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California Teachers Association

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California Teachers Association
FoundedMay 1863
Headquarters1705 Murchison Drive
Burlingame, CA 94010
Key people
David B. Goldberg, President

The California Teachers Association (CTA), initially established in 1863, is one of the largest and most powerful[2] teachers' unions in the state with over 300,000 members and a high political profile[3] in California politics. The teachers' union is based in Burlingame, and its current president is David B. Goldberg.[4]


CTA's Governmental Affairs Office (Sacramento, CA)

CTA was founded[5] in 1863, during the Civil War, in response to a call from the California Superintendent of Public Instruction, John Swett, for a "teachers' institute." Fewer than a hundred teachers, all of them male, gathered in San Francisco, resulting in the formation of the California Educational Society.[6] In 1875, the organization changed its name to the California Teachers Association.

CTA won its first major legislative victory[7] in 1866 with a law providing free public schools to California children. A year later, public funding was secured for schools that educated nonwhite students. More early victories for organized labor established bans on using public school funding for sectarian religious purposes (1878–79); free textbooks for all students in grades 1-8 (1911); the first teacher tenure[8] and due process law (1912); and a statewide pension, the California State Teachers’ Retirement System (1913).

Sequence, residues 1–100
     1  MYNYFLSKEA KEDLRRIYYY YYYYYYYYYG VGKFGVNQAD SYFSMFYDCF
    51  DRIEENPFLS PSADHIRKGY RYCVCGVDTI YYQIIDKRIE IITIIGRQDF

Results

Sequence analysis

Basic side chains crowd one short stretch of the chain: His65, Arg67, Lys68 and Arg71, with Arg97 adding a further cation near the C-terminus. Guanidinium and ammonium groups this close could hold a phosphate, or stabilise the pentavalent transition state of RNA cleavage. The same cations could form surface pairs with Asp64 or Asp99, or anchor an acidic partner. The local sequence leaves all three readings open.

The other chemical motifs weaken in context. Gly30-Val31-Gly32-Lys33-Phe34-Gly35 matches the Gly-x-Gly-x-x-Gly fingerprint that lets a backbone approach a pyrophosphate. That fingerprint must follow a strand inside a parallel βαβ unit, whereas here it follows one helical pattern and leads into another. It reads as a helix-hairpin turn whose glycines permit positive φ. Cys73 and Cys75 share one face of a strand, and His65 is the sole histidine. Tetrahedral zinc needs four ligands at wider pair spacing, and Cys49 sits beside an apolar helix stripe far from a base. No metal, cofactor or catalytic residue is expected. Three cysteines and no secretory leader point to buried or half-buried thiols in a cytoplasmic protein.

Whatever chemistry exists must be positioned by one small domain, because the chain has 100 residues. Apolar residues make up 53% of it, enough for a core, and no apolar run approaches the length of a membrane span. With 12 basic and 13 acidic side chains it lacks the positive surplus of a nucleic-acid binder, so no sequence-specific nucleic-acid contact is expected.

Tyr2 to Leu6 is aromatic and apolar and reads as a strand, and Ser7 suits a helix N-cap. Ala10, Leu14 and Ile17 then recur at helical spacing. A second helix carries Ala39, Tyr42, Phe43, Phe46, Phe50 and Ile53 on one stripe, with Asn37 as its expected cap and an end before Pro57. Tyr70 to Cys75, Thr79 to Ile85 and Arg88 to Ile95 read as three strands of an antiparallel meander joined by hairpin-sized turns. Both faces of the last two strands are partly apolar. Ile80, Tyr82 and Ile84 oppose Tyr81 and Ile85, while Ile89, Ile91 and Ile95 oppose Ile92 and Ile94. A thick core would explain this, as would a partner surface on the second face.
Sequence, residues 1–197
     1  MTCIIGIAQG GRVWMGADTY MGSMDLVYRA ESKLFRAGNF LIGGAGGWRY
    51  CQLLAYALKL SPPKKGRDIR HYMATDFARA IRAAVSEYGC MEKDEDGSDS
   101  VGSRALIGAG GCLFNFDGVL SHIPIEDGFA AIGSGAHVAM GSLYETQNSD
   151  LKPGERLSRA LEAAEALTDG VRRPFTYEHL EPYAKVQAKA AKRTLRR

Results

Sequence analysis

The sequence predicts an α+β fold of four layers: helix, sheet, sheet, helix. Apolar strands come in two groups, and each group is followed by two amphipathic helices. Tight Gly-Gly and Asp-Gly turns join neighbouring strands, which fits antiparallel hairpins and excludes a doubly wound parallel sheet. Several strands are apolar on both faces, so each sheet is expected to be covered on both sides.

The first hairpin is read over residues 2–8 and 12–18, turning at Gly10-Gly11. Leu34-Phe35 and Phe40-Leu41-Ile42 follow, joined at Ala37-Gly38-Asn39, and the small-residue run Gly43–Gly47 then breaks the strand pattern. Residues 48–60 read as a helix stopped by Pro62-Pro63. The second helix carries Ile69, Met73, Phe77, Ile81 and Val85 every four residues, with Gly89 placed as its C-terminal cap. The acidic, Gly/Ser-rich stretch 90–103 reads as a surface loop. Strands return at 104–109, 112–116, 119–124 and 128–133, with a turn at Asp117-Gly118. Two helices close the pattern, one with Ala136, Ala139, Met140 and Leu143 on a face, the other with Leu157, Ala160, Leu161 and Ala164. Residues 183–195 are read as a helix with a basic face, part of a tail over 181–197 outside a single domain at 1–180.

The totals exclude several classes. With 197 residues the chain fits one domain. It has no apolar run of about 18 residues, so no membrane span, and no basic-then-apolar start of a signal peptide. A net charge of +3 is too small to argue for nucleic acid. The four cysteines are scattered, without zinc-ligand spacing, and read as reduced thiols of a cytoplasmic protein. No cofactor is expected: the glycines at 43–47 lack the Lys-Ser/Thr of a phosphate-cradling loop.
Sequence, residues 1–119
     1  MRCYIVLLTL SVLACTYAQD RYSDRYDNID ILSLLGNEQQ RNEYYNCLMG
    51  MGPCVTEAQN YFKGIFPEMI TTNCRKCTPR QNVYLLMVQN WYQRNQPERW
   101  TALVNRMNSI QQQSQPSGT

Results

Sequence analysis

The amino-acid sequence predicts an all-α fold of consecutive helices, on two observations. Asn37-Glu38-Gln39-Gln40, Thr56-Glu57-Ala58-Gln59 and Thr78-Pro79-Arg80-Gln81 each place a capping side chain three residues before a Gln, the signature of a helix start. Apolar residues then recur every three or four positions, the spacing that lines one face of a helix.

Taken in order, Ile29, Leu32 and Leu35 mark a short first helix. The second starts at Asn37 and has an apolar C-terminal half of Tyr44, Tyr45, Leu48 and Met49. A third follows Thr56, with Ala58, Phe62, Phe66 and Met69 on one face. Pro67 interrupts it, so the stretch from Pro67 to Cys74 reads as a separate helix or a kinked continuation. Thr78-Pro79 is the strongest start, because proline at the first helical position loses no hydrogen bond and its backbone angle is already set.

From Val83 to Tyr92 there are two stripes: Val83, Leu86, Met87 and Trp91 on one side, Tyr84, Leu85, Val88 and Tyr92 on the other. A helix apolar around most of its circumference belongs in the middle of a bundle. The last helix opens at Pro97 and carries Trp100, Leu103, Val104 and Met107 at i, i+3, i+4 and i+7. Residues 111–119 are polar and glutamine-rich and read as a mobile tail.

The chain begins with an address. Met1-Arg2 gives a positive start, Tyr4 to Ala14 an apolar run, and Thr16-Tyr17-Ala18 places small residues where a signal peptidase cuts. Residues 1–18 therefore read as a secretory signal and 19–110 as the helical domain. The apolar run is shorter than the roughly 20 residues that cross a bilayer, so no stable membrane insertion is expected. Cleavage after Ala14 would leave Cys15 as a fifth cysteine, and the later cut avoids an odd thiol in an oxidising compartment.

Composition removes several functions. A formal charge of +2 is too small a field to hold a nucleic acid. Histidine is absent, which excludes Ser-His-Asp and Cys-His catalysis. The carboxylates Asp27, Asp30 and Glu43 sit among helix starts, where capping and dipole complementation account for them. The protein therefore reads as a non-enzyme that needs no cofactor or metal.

While the National Labor Relations Act of 1935 made collective bargaining a lawful, protected activity in the private sector, it did not include public workers or teachers. Wisconsin passed the nation's first public employee bargaining law (1959), and several large, urban affiliates of NEA or the American Federation of Teachers started winning bargaining rights (New York in 1961, Denver in 1962, Chicago in 1966). After a decade of school strikes and teacher organizing, California K-14 educators won the right to bargain collectively in 1975 when the CTA-sponsored Educational Employment Relations Act, also known as the Rodda Act,[9] was signed into law by Gov. Jerry Brown.

A turning point in CTA's history came in 1988. That was the year teachers fought to pass Proposition 98,[10] the landmark state law guaranteeing about 40 percent of the state's general fund for schools and community colleges.


  1. ^ "About CTA". California Teachers Association. Retrieved 2016-04-06.
  2. ^ Skelton, George (June 27, 2016). "Assemblywoman Bonilla, a former teacher, takes on the powerful union". Los Angeles Times. Retrieved October 3, 2016.
  3. ^ "California Teachers Assn. a powerful force in Sacramento". Los Angeles Times. 2012-08-18. Retrieved 2019-12-03.
  4. ^ "Leadership". California Teachers Association. Retrieved 2023-08-29.
  5. ^ "CTA's 150th Anniversary - California Teachers Association". www.cta.org. Retrieved 2019-12-03.
  6. ^ The California Teacher: A Journal of School and Home Education and Official Organ of the Department of Public Instruction. California Educational Society. 1864.
  7. ^ "The History of CTA - California Teachers Association". www.cta.org. Retrieved 2019-12-03.
  8. ^ "AAV of Tracing the Roots of Teacher Tenure - Historical Documents (CA Dept of Education)". www.cde.ca.gov. Retrieved 2019-12-03.
  9. ^ "Commemorating 40 years of collective bargaining". California Federation of Teachers. Retrieved 2019-12-03.
  10. ^ "A Historical Review of Proposition 98". lao.ca.gov. Retrieved 2019-12-03.

External links[edit]

  • CTA.org - California Teachers Association homepage
  • [1] - California Educator Magazine
  • [2] - Secretary of State Campaign Disclosure